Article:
Our Top 5 Favorite Bill Murray Roles
There is very little left to be said about the sheer awesomeness of supreme being and god among men Bill Murray. The master of deadpan cool has been on our minds with the release of his new film, St. Vincent (no relation to the indie rocker), which hits theaters this weekend. It got us to thinking about the master’s best roles through the years, a corral of hilariously and at times touchingly perfect characterizations that show the full span of Murray’s stellar acting talents. So without further ado, here are our Top 5 Favorite Bill Murray Characters.
5. Carl Spackler: Behold, a comedy legend is born. In Caddyshack, Murray gifted us with one of the most bizarre characterizations throughout his career. As the mumbling, gopher-hunting groundskeeper Carl, Murray stole the show away from his co-stars with moments like his ‘Cinderella Story’ monologue, a scene that still holds up as one of the funniest on film. Plus he smokes a joint with Chevy Chase, and life doesn’t get much sweeter than that.
4. Herman Blume: As Herman Blume, Murray provided a poignantly melancholic foil for the manic hyperactivity of Jason Schwartzman’s Max Fischer in Wes Anderson’s breakout film Rushmore. Both heart-wrenchingly sad and gut-bustingly funny, Blume is a guy who can help fund a 17 year old’s dream of building an aquarium in his school while simultaneously crushing said 17 year old’s dreams by screwing his teacher. And he smokes cigarettes while he swims.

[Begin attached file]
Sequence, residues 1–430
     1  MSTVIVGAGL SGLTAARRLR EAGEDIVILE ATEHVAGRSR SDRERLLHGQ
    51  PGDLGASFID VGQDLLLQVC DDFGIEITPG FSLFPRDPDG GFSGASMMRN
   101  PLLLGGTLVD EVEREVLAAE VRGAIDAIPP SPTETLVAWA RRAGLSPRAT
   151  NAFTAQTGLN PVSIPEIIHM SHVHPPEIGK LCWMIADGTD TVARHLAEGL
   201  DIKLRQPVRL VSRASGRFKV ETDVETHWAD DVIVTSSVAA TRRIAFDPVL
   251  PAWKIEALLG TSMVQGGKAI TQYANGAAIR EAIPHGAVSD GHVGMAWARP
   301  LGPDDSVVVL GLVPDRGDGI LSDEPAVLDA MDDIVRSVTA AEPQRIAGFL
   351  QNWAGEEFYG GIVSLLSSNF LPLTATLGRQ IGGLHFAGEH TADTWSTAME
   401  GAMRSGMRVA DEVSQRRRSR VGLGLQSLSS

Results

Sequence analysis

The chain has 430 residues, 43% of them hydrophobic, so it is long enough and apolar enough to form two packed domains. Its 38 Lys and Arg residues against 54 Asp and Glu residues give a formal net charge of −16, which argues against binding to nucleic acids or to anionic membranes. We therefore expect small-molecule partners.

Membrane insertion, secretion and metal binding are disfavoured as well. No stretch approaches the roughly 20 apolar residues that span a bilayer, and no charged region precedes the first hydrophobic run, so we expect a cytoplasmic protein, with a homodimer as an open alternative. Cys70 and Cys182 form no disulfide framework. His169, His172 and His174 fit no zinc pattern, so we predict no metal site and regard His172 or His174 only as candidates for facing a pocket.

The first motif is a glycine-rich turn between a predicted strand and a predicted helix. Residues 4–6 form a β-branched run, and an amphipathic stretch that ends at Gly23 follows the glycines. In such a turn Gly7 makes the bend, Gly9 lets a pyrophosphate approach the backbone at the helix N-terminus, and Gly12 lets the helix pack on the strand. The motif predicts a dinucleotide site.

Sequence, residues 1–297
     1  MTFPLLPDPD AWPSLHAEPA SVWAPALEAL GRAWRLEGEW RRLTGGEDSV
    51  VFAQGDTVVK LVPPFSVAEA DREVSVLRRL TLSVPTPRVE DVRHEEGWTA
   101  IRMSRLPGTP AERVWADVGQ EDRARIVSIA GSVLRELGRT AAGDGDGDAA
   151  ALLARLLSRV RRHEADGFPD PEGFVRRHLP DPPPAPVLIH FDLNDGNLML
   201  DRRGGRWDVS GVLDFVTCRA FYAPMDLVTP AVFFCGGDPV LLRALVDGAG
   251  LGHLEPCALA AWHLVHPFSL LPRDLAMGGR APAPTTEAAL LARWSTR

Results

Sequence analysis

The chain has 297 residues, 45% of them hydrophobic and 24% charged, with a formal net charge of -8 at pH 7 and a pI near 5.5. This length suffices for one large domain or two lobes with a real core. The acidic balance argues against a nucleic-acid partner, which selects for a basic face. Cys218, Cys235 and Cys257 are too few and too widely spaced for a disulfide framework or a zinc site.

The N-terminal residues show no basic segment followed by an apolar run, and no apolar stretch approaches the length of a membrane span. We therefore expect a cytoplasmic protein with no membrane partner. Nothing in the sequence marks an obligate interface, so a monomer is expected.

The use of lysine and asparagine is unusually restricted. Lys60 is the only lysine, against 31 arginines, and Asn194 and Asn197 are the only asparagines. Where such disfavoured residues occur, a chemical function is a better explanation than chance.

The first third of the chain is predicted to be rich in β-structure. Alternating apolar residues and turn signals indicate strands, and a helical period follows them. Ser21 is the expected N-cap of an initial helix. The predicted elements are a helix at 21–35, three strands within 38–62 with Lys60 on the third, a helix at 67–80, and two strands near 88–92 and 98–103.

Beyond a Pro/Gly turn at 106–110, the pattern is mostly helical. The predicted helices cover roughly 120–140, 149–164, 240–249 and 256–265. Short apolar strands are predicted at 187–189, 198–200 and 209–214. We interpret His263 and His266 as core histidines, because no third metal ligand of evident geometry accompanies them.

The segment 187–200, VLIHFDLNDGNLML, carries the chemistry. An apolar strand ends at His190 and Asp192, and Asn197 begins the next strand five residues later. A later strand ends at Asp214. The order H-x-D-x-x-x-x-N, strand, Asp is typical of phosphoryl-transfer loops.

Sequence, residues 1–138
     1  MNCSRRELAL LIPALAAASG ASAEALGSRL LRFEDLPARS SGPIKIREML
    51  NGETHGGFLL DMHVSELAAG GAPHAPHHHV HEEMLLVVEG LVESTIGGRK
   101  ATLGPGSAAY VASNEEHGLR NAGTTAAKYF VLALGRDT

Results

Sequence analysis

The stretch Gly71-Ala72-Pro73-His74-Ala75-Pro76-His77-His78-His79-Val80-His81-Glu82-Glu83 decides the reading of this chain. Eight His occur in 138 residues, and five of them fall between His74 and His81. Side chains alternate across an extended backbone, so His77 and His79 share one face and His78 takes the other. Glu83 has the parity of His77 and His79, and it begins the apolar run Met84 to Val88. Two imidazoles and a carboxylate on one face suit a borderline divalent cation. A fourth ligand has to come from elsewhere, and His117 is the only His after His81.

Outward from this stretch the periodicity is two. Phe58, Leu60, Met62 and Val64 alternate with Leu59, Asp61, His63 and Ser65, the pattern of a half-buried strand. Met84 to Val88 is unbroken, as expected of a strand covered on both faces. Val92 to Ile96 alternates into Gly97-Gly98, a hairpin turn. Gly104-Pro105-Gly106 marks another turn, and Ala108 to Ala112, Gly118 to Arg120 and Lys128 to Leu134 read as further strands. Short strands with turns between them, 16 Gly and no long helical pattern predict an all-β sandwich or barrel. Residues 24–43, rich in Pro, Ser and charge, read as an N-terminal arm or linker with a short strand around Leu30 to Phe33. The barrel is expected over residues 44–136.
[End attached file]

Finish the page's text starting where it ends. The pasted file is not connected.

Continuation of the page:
3. Dr. Peter Venkman: When it comes to being slathered in ghost slime (ectoplasm), fighting giant marshmallow men, word playing with leopard women from another dimension, and wooing Sigourney Weaver, you know who to call. Peter Venkman was the ghostbuster with the most, and not just because he takes shots on the front steps of the New York Public Library. He makes his job seem so easy, effortlessly cracking a joke while trapping an evil spirit with proton energy guns. Now that’s professionalism.
2. Steve Zissou: AKA the man responsible for discovering the Jaguar Shark and setting the precedent for beanies everywhere. We don’t know what to make of Steve when The Life Aquatic first begins; he is a man at odds with himself, almost abandoning his long lost son and trying desperately to save his career as an aquatic documentarian. By film’s end, we are hopelessly devoted to the man we’ve seen conduct rescue missions, slay pirates, listen to David Bowie, save Jeff Goldblum and a couple of interns, confront death, and make the best damn documentary about puppet sea creatures ever. Where can we apply for Team Zissou club membership?
1. Phil Connors: Murray’s performance as Phil Connors in Groundhog Day could very well be the 20th century Hamlet. As a man trapped seemingly forever in the same day he’s forced to live over and over again, we see the full range of Connors’ handling of his bizarre circumstances. Drunken railroad drives and sleeping around turns into bank robberies and jail stays, which gives way to every type of suicide, until he ultimately begins a quest for redemption, living his days of purgatory as a chance to start again. Yes it’s cheesily heartwarming, but it’s a chance for Murray to display the full range of a human life, while still managing to leave us in stitches with his biting sarcasm. It’s by far his best character, even if he did murder a defenseless rodent.